verbo-, verb-, verbi-

(Latin: word, words)

Gesta verbis praeveniunt.
Their deeds go before their words.
Placed between words.
Within a word.
ipsissima verba
1. The very words; verbatim.
2. The precise words used by a writer or speaker.
1. Someone who is ignorant of large words.
2. A person who pretends to know a word then secretly goes to a dictionary to find out what it means.
1. Not employing or including words; unskilful in the use of words.
2. Not employing or including a verb; not a form of a verb.
3. Denoting communication without sounds or words; e.g., by signs, symbols, facial expressions, gestures, posture, body language, etc.
noteworthy (adjective)
Referring to something that is remarkable or significant; and so, deserving notice or attention.
novissima verba
Final words.

A Latin reference to a person's last living utterance.

novoverbifaction (s) (noun), novoverbifactions (pl)
A passion for combining Latin and Greek roots and affixes in new ways.
A humorous word meaning, “capable of swallowing all words”.
1. A short, popular saying, sometimes expressing wisdom. It is also called an adage, maxim, axiom, aphorism, apothegm, or epigram.
2. A short pithy saying in common and recognized use; a concise sentence, often metaphorical or alliterative in form, which is held to express some truth ascertained by experience or observation and familiar to all; an adage.
A word that can substitute for a verb; its function is similar to that of a pronoun.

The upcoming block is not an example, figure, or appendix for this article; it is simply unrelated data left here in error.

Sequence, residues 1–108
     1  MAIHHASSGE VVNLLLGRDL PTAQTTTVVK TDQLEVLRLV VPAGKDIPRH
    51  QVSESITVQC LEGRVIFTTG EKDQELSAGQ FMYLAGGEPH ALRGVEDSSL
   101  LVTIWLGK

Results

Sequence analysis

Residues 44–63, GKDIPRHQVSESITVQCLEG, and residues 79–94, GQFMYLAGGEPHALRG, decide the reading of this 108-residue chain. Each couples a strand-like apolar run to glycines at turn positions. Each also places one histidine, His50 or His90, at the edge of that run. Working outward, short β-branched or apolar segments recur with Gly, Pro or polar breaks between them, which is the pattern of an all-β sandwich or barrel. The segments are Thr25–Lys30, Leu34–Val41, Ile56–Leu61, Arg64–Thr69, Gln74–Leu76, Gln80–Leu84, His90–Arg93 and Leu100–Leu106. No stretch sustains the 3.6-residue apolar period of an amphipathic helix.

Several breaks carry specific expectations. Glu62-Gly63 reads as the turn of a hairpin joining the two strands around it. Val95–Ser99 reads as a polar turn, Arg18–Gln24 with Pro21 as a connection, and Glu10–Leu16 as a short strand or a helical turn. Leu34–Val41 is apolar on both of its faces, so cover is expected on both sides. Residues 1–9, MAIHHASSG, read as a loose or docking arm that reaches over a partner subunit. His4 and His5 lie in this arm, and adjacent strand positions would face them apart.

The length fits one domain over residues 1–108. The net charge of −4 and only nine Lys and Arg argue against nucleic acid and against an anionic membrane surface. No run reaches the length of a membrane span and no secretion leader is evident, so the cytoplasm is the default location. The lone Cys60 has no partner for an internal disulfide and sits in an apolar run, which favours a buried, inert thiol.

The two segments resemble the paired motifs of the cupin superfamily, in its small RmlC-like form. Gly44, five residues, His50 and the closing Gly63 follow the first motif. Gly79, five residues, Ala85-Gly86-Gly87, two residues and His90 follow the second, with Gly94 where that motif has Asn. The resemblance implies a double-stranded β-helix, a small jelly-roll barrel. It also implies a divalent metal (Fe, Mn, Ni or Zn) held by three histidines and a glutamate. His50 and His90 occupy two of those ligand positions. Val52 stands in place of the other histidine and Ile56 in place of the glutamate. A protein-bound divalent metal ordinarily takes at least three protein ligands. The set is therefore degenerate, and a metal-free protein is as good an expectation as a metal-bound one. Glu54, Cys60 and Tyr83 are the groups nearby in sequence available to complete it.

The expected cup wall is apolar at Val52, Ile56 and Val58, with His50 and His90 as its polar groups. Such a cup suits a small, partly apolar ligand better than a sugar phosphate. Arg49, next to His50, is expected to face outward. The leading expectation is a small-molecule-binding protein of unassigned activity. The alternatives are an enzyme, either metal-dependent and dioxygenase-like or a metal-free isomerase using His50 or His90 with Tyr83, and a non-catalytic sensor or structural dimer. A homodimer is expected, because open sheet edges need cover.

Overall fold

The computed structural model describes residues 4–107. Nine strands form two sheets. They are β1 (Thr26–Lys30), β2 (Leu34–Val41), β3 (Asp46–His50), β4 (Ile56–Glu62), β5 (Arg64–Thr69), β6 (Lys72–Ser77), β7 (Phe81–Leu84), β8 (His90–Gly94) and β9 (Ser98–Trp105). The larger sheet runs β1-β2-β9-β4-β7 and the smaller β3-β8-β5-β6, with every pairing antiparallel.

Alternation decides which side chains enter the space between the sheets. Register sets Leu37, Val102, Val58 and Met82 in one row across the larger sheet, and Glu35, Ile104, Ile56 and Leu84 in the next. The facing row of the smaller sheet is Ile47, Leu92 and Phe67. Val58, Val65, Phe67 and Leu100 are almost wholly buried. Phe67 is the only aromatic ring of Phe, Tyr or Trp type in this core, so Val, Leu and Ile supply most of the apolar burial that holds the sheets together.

In the following sentence, the word do acts as a pro-verb: Our neighbors never mow their lawn, but we do.

proverbial (adjective), more proverbial, most proverbial
1. Characteristic of a short or wise saying which has been used for a long time by many people: Here is an example of one famous proverbial saying: "Early to bed and early to rise makes a man healthy, wealthy, and wise."
2. A reference to sayings that state general truths or give advice, as shown in the following list which presents only a few of the many proverbial expressions that exist:
  • A chain is only as strong as its weakest link.
  • A dog is a man's best friend.
  • A fool and his money are soon parted.
  • A journey of a thousand miles begins with a single step.
  • A picture is worth a thousand words.
  • Absence makes the heart grow fonder.
  • Actions speak louder than words.
  • An ounce of prevention is worth a pound of cure.
  • Better late than never.
  • Cleanliness is next to godliness.
  • Do unto others as you would have them do unto you.
  • Do not count your chickens before they are hatched.
  • Do not put all your eggs in one basket.
3. Etymology: from Latin proverbialis, "pertaining to or characteristic of a proverb"; from proverbium, "common talk, well known" from pro-, "forth, forward" + verbum, "word."
Relating to being commonly referred to.
© ALL rights are reserved.

Go to this Word A Day Revisited Index
so you can see more of Mickey Bach's cartoons.

Someone who originates, uses, or records proverbial sayings.

Related "word, words" units: etym-; legi-; lexico-; locu-; logo-; onomato-; -onym.